Support is relatively even across the city’s wards, and in Wards 1, 7 and 8, residents report smelling marijuana more often. In Ward 1 — including U Street NW, Adams Morgan and parts of Columbia Heights — 70 percent of residents say they smell marijuana once a month or more. That dips to 62 percent in Wards 7 and 8, but frequency stands out east of the Anacostia River: Thirty-two percent say they smell marijuana “every day.” In Wards 2 and 3, only 8 percent say they smell weed daily.

“People aren’t as discreet as they were before it was legal,” said Wuan Smith, 21, a Ward 8 resident who says he smokes regularly in his Congress Heights apartment. He said he smells marijuana smoke from others in his neighborhood just as frequently.

Smoking in a private home in the District is legal under Initiative 71. The law allows residents to possess as much as two ounces of marijuana, to grow plants in their homes and to consume marijuana in private — noncommercial — places.

In July 2014, activists pushed for marijuana first to be decriminalized. Later, they pushed for legalization, framing the issue as one of civil rights, citing statistics showing that 9 in 10 people arrested for pot possession in the District between 2000 and 2010 were black, although blacks and whites use marijuana at similar rates.

Since the law has been in effect, arrests for possession have predictably plummeted. In 2013, before marijuana was decriminalized or legalized, D.C. police arrested 1,215 people for pot possession.

So far this year, all D.C.-based police forces — including those of federal agencies — have arrested only seven people for marijuana possession, according to statistics from the Metropolitan Police Department.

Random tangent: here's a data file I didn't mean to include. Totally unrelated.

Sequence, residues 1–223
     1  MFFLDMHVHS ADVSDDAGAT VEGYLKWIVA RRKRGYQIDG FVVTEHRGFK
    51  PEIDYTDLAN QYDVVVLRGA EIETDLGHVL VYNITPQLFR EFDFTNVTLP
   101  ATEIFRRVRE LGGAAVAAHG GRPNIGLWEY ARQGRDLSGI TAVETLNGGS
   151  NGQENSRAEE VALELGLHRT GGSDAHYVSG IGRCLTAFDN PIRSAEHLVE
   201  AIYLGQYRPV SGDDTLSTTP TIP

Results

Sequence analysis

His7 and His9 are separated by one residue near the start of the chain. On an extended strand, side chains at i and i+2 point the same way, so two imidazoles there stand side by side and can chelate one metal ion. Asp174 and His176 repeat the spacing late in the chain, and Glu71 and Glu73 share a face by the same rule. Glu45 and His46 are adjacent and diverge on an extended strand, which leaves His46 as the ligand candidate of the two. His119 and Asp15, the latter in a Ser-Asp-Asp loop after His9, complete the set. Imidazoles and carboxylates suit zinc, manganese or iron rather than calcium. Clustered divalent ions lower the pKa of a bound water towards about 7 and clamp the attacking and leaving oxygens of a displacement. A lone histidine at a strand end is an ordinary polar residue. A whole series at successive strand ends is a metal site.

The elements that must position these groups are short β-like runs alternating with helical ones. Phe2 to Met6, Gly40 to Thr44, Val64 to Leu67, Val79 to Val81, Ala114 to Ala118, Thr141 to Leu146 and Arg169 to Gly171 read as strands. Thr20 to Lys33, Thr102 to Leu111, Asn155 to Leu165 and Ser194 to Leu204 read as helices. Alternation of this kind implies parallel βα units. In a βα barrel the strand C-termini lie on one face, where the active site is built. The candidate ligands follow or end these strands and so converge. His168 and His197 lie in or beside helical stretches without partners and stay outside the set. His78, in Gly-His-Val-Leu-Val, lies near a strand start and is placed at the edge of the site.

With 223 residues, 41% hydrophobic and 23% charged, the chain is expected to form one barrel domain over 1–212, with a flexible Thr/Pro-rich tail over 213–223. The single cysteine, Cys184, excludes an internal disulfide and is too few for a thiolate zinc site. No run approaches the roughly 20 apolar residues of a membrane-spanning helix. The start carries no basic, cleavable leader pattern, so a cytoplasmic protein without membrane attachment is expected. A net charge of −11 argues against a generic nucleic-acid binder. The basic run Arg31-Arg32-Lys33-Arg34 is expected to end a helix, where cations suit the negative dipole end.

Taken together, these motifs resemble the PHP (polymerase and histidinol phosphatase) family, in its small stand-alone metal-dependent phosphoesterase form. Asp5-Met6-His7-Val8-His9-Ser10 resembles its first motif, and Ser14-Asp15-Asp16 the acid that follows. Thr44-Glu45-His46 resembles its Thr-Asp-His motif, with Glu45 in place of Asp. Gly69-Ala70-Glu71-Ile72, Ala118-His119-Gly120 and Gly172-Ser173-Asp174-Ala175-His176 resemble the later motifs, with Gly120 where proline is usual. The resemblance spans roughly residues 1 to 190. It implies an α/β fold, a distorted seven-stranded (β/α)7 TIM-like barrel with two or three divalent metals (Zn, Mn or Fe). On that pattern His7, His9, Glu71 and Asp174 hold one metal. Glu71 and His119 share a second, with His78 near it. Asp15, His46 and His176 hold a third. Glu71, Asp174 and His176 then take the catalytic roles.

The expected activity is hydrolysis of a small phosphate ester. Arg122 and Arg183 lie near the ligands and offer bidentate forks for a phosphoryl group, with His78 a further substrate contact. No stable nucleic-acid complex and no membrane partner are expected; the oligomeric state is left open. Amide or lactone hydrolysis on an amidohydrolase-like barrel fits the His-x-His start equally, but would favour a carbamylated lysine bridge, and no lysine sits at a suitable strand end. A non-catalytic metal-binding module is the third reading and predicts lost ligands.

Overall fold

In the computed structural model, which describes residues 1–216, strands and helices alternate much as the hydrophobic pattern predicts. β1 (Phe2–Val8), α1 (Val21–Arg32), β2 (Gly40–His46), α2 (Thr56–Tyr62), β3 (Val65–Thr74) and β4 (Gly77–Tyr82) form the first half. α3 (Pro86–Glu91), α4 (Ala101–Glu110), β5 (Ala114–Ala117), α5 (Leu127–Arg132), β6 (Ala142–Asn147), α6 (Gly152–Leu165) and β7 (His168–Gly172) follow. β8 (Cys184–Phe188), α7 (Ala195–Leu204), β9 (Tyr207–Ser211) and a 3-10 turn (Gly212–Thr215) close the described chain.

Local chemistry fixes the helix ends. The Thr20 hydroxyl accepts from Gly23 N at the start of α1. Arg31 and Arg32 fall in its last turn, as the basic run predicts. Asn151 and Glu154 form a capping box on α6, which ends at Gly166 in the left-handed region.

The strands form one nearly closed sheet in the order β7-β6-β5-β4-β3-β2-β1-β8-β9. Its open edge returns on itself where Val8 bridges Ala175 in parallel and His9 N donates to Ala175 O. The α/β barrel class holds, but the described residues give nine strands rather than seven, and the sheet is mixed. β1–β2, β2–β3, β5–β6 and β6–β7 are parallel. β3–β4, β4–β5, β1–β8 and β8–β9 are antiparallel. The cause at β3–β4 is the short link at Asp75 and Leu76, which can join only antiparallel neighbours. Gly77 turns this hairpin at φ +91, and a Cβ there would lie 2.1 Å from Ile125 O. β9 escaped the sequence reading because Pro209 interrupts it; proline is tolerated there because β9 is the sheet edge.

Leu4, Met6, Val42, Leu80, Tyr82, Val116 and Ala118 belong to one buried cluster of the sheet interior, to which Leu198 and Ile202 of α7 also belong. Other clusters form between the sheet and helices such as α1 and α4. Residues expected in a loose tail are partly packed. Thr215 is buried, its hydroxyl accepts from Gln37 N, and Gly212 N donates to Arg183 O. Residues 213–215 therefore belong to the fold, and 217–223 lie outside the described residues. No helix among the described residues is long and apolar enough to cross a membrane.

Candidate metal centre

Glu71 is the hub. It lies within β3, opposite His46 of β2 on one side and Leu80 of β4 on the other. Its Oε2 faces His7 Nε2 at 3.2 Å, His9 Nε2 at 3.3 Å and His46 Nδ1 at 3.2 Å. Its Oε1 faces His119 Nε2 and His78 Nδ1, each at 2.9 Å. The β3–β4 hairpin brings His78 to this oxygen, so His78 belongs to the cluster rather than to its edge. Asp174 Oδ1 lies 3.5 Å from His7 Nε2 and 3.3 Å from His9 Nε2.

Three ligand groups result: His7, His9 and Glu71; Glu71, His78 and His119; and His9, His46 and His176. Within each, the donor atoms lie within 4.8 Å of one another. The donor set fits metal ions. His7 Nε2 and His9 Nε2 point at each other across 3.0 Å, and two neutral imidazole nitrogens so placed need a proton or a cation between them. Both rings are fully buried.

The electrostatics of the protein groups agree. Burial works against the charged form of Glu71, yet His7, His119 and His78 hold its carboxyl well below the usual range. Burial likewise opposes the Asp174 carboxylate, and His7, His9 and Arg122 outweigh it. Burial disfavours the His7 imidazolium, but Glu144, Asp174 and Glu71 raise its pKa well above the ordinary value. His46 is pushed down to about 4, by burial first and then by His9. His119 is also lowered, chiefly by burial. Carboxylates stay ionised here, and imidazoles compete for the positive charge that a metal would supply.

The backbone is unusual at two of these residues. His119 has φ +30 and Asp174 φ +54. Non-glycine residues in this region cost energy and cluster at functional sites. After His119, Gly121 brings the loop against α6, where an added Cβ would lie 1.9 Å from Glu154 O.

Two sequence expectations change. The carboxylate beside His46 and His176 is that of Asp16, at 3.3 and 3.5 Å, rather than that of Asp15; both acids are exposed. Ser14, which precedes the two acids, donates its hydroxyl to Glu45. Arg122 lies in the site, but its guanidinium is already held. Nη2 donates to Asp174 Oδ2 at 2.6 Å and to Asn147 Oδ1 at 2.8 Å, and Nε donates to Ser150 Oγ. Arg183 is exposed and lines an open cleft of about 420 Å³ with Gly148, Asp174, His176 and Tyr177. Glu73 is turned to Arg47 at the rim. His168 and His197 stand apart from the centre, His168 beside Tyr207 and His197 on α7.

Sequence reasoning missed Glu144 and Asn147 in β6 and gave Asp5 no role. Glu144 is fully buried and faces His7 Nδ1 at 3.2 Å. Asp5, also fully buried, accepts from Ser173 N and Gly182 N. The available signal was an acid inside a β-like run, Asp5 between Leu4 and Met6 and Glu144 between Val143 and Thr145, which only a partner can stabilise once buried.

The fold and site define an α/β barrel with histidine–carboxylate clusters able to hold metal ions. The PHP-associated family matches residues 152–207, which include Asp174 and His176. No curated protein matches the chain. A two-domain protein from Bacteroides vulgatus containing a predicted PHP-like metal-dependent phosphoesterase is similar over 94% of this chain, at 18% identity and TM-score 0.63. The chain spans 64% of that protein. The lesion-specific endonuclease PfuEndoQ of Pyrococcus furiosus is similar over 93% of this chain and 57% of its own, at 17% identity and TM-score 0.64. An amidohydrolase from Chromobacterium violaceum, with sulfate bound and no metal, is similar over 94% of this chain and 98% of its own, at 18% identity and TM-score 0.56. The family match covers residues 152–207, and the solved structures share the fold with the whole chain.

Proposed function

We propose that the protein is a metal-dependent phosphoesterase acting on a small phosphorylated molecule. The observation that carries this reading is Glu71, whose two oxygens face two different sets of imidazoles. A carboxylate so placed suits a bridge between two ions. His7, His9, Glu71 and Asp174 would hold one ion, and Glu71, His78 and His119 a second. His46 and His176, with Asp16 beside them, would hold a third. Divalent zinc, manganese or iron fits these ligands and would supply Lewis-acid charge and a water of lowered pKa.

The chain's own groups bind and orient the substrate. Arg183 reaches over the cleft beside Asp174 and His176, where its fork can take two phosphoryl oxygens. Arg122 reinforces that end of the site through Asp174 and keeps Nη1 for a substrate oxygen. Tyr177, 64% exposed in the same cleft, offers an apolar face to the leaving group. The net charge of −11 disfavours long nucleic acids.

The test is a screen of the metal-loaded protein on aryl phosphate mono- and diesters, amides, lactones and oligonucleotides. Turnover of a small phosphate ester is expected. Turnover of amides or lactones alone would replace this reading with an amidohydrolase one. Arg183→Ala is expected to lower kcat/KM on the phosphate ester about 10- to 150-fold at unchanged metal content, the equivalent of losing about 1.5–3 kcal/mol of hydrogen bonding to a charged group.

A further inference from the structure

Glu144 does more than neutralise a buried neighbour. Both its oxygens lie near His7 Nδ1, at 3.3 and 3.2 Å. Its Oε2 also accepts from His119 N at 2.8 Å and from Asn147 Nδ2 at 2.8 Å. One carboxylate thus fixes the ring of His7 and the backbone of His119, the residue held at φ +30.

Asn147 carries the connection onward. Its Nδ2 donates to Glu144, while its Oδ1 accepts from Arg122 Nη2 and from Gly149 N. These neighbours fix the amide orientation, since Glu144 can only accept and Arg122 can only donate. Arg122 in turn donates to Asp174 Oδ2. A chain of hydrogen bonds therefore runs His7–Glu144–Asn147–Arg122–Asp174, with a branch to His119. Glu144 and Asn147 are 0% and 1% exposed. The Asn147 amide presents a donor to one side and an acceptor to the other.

“I don’t find [the smell] super offensive,” said Lena Amick, 24, a Columbia Heights resident who says she doesn’t smoke but voted in favor of Initiative 71 because of the unequal arrest rates. “People can choose to do what they want to do.”

Although possessing marijuana is legal, selling it remains illegal. Because the District is not a state, Congress has the power to overturn city laws. Republican members of Congress tried to prevent Initiative 71 from becoming law but ultimately just blocked the city’s ability to pass laws regulating drug sales.

According to the Post poll, 74 percent of residents think the city should be allowed to regulate and tax the sale of marijuana. Even many older residents who oppose marijuana use are in favor of the District’s having regulatory authority: Sixty-six percent of those 65 and older support this, compared with 41 percent in that age group who support legalization in general.

“I didn’t vote [to legalize marijuana], because they didn’t have all the ducks in a row,” said John, 64, a retired electrician who declined to give his last name, citing the sensitivity of the issue. “You have street vendors still. You are still promoting illegal sales.”

He and his wife have lived in Ward 5’s Bloomingdale neighborhood for more than 30 years and say they smell marijuana coming from their neighbors’ back yards more than before.

“We are not so much bothered,” he said. “It’s just that when people come into our home, they may think it’s ours.”

The Post’s poll was conducted Nov. 12-15 among a random sample of 1,005 adult District residents reached on landline and cellular phones. The margin of sampling error for overall results is plus or minus four percentage points; for results in individual wards, error margins range between plus and minus nine to 13 percentage points.